12. The above writ petitions were then followed by Writ Petition No.17734 of 2009 from which the present appeals arise in which the petitioners not only challenged the constitutional validity of Rule 4 (vii)(a) & (b) of the Bihar Municipality Secondary and Higher Secondary Teachers (Appointment and Service Condition) Rules, 2006 as amended in 2008 but also prayed for a direction against the respondents for consideration of their cases for appointment against the post of Librarian on the basis of their degree qualification from Algappa University, Karaikuddi, Tamil Nadu.
The petitioners' case primarily was that the Indira Gandhi National Open University had by an order dated 24th November, 2009 granted ex post facto recognition to the programme offered by distance education mode by the Algappa University with effect from 1995 which implied that the degrees awarded to the petitioners were recognised qualifications making them eligible for appointment as Librarians. Challenge to the validity of the Rules was, however, given up by the petitioner before the High Court as is evident from its order dated 7th January, 2010. The limited question that fell for consideration before the High Court, therefore, was whether the degrees obtained by the petitioners from the Algappa University were recognised and whether the petitioners could be considered for appointment against the available vacancies on the basis of the said qualifications.
The High Court dismissed the writ petitions on the ground that Algappa University did not have the requisite recognition from Distance Education Council "at the time of examination" and that post facto recognition belatedly granted on 24th February, 2009 did not entitle the petitioners to the consideration or appointments prayed for.
13. The short question that falls for our determination in the above backdrop, therefore, is whether the academic qualification acquired by the petitioners is recognized for the purposes of appointment as Librarians against the vacancies in question, having regard to the fact that the Distance Education Council of Indira Gandhi National Open University has granted ex post facto recognition to Algappa University from where the petitioners have secured their degrees in library science. The High Court has, as noticed above, taken the view that recognition by Distance Education Council was granted belatedly inasmuch as such recognition had come after the conclusion of the entire selection process hence was of no avail to the petitioners.
There can indeed be no quarrel with the abstract proposition of law that any recognition granted after the conclusion of the selection process cannot possibly help the candidates concerned who ought to satisfy the conditions of eligibility according to the relevant Rules on the date the applications are submitted and scrutinised to determine their eligibility. The difficulty, however, is that the relevant Rules, did not in the case at hand stipulate whether a degree in library science obtained by Distance Education mode will constitute a recognised qualification.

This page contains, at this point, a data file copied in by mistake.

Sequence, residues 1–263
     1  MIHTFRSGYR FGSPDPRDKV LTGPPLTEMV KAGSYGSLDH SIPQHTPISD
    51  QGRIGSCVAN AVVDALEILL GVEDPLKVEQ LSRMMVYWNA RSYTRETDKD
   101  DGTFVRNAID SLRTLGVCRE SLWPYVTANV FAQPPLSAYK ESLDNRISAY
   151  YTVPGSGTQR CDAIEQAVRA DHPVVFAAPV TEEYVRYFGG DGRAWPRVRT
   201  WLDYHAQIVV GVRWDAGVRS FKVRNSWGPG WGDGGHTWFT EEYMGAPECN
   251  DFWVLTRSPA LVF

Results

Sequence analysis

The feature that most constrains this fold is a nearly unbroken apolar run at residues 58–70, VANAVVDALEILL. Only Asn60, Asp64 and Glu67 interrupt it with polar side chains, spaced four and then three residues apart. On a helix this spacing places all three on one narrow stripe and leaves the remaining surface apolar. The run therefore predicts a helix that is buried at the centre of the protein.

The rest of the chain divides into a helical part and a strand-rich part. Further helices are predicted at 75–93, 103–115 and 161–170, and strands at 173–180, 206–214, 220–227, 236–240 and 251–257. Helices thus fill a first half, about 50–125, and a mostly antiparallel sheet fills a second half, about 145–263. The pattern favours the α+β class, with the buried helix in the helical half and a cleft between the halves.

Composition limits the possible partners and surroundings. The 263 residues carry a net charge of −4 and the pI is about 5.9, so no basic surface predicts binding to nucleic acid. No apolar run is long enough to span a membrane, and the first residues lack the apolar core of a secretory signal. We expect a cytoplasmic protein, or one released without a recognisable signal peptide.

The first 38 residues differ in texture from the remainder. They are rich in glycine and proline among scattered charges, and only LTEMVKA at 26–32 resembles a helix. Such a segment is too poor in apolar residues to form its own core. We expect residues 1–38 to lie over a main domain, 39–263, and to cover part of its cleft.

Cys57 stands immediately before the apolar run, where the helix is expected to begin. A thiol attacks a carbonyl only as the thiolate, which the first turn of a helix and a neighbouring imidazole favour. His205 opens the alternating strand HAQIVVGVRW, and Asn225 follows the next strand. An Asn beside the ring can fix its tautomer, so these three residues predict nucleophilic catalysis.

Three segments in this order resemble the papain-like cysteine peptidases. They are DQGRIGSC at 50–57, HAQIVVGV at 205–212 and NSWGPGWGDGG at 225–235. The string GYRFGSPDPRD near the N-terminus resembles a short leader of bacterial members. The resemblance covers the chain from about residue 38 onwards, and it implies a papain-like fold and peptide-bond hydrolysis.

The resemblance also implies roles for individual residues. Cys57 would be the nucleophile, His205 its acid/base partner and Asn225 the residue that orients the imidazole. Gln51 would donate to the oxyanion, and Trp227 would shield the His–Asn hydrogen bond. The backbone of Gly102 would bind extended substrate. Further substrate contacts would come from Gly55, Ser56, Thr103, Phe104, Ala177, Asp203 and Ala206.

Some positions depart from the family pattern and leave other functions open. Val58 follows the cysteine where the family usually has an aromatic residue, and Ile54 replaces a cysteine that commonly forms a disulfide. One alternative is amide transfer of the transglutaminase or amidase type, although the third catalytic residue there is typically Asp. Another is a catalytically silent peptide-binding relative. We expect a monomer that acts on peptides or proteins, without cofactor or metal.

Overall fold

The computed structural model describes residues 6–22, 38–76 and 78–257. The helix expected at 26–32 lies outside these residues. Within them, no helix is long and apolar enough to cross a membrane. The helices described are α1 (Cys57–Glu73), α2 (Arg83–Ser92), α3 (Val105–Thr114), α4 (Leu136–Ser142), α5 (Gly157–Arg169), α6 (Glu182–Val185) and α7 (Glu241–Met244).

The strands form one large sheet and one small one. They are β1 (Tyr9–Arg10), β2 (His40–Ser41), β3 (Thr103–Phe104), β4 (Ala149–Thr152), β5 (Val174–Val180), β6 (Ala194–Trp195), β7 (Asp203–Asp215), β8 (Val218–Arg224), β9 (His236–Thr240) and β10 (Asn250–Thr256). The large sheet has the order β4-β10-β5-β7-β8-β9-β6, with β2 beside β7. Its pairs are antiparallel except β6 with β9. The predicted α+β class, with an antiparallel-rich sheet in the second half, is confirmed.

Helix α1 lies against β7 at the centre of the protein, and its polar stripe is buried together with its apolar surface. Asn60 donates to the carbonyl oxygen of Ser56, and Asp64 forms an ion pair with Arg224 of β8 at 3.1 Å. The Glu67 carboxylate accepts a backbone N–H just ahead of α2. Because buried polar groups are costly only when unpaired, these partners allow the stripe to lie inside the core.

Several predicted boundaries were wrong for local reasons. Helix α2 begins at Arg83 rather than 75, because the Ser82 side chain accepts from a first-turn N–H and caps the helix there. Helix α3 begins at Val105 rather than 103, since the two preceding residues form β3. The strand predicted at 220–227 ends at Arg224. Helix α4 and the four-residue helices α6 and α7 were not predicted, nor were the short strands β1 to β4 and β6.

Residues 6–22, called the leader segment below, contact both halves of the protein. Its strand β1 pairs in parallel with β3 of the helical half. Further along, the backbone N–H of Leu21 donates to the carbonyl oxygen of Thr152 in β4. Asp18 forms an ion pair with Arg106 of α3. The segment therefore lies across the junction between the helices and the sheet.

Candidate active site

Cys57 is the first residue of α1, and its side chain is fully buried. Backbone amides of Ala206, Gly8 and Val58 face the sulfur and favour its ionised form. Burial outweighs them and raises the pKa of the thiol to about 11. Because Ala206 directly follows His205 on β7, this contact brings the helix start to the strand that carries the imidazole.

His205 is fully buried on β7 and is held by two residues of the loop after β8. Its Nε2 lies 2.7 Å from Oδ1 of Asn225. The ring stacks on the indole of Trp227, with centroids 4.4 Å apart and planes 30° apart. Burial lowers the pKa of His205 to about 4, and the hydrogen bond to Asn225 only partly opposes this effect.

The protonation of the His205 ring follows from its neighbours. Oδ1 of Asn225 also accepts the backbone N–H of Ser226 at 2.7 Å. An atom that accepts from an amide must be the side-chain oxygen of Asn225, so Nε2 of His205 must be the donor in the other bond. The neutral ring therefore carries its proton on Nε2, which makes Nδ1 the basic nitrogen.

All that Rule 4 (vii) (b) stipulated was that the candidates should have a degree in library science recognised by the Department of Education. The Department of Education has not by itself recognised any university or academic qualification awarded whether by regular or Distance Education mode. It was only when candidates who had secured degrees in Library Science by Distance Education mode applied for appointment that the Government issued a clarification that such degrees will be recognised provided the University awarding the same has been recognised by the Distance Education Council. There was in other words considerable confusion as to what would constitute a recognised qualification for purposes of appointment as Librarians. Such being the case, the normal rule that candidates must satisfy the conditions of eligibility on the date of the applications will have to be applied liberally so as to prevent injustice to candidates who possessed the requisite degree qualification but such qualification required recognition by another statutory authority which came during the selection process but was effective from a date earlier than the date on which the applications were made.